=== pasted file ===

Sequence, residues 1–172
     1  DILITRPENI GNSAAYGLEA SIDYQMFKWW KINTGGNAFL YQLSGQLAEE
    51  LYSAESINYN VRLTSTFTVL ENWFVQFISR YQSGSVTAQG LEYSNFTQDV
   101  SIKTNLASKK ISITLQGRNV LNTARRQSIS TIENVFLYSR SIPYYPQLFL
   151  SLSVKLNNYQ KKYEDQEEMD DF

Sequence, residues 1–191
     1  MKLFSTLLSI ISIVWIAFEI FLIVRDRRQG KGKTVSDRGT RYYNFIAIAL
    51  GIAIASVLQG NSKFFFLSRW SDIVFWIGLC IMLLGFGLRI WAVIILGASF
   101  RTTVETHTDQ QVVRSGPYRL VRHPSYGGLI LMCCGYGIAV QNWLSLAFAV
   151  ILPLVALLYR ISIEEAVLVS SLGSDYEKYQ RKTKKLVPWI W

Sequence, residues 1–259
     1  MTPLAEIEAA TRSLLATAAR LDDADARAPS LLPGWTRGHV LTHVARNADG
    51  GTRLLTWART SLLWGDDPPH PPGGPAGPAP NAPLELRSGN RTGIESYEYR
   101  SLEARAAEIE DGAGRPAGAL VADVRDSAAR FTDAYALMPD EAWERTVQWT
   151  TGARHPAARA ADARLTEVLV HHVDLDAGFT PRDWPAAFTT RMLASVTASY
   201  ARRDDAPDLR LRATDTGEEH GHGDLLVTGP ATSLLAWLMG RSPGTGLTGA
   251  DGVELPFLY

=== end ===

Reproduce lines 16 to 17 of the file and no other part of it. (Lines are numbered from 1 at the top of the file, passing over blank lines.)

   201  ARRDDAPDLR LRATDTGEEH GHGDLLVTGP ATSLLAWLMG RSPGTGLTGA
   251  DGVELPFLY